Object Creation and Destruction

The fundamental architecture of each new frame state, Sn+1 , being purely a function of the previous frame state, Sn and the current set of commands, Cn+1 , seems simple, however there are many corner cases that can easily sneak bugs into the game.

Sn+1 = f( Sn , Cn+1 )

The biggest bug-generating corner cases in DSM related to object creation and destruction. For example, in DSM most projectiles are owned by another object, so that when the projectile hits someone, the game can attribute the kills to another player. But weird things happen when a projectile is fired but then the owning player disconnects. A naive implementation would just delete that player from the current frame state. Then, when rolling back we take all the objects in the current frame and reset them to the state at the previous frame -- except now we’re missing the disconnected player in the previous state. Even worse, we have a projectile owned by an object not even stored in the current frame’s state.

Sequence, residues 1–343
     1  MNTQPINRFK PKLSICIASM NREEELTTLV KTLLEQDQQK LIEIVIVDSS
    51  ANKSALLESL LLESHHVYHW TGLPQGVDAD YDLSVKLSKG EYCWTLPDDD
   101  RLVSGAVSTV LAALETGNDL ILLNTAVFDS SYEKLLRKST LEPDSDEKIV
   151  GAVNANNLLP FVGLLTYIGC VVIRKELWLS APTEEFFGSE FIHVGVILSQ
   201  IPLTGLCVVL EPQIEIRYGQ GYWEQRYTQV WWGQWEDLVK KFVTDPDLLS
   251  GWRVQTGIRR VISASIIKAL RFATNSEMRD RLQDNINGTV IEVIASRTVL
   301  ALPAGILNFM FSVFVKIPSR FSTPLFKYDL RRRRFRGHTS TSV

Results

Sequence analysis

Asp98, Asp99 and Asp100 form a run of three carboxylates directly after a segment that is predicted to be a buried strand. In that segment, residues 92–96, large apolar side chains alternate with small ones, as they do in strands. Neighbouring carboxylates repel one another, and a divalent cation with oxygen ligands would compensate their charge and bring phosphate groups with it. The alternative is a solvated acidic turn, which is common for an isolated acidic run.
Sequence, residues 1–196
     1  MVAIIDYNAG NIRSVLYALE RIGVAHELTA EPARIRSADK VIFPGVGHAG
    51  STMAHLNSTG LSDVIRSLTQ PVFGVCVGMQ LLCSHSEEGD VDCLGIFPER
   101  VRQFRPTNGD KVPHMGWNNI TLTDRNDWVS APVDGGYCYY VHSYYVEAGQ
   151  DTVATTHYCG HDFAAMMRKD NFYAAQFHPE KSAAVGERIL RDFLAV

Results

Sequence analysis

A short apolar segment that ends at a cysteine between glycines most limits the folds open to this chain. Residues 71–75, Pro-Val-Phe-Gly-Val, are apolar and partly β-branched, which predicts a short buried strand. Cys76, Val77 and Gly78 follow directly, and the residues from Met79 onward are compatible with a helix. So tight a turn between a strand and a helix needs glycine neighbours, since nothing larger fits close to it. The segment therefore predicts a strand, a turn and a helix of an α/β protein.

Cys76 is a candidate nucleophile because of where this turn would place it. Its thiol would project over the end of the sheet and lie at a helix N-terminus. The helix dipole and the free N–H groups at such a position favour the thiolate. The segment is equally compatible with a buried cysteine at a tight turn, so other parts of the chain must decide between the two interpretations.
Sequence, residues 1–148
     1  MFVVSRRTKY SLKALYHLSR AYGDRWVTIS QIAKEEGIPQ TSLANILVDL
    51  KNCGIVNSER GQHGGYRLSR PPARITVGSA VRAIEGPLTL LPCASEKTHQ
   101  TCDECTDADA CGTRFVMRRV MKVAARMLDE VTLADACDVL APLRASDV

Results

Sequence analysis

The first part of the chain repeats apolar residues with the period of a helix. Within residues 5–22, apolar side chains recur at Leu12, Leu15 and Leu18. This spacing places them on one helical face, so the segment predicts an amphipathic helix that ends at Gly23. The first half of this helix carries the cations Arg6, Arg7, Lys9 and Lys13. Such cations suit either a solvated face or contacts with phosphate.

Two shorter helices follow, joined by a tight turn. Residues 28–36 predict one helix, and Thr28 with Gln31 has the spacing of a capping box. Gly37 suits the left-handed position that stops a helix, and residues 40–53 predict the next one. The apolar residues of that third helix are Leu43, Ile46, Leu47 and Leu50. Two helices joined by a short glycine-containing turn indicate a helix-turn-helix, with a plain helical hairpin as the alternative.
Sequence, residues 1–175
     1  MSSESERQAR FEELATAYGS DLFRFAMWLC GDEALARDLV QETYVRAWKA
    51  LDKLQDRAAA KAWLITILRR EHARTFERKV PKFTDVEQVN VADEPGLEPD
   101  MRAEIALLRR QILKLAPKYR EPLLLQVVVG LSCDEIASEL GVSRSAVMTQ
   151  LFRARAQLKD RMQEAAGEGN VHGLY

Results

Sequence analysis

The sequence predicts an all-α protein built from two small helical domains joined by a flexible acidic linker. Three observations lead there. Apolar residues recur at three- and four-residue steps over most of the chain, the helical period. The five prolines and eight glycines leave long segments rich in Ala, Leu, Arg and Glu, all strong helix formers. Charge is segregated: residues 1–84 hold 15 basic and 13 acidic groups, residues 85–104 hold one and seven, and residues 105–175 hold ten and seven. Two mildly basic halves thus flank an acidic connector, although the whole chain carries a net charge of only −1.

The solution is to keep within each frame’s datastructure a complete copy of the entire game’s state that isn’t reliant on any global shared datastructure. For example, in DSM each object is referenced by an ID and is of a certain type. Lots of the game logic involves checking an object’s type to determine how fast it moves, etc. It is tempting to keep a global table that just matches IDs to types. When an object gets created, add it to the global table. When it gets deleted, remove it from the table. But, when we rollback, we would also have to rollback the global table and undo all those creations and deletions. Plus, we don’t want to have to continually transmit a definitive version of this ID-to-type pairing table from the server. The solution is to store an independent copy of this table in every frame’s data structure.

Next Up

That wraps up the third post in this series. In the next (and final) post I’ll talk about implementing in Unity the graphical view of the simulation in the game client for Dragon Saddle Melee.


Developer of Dragon Saddle Melee

Co-Founder of Main Tank Software

February 28th, 2022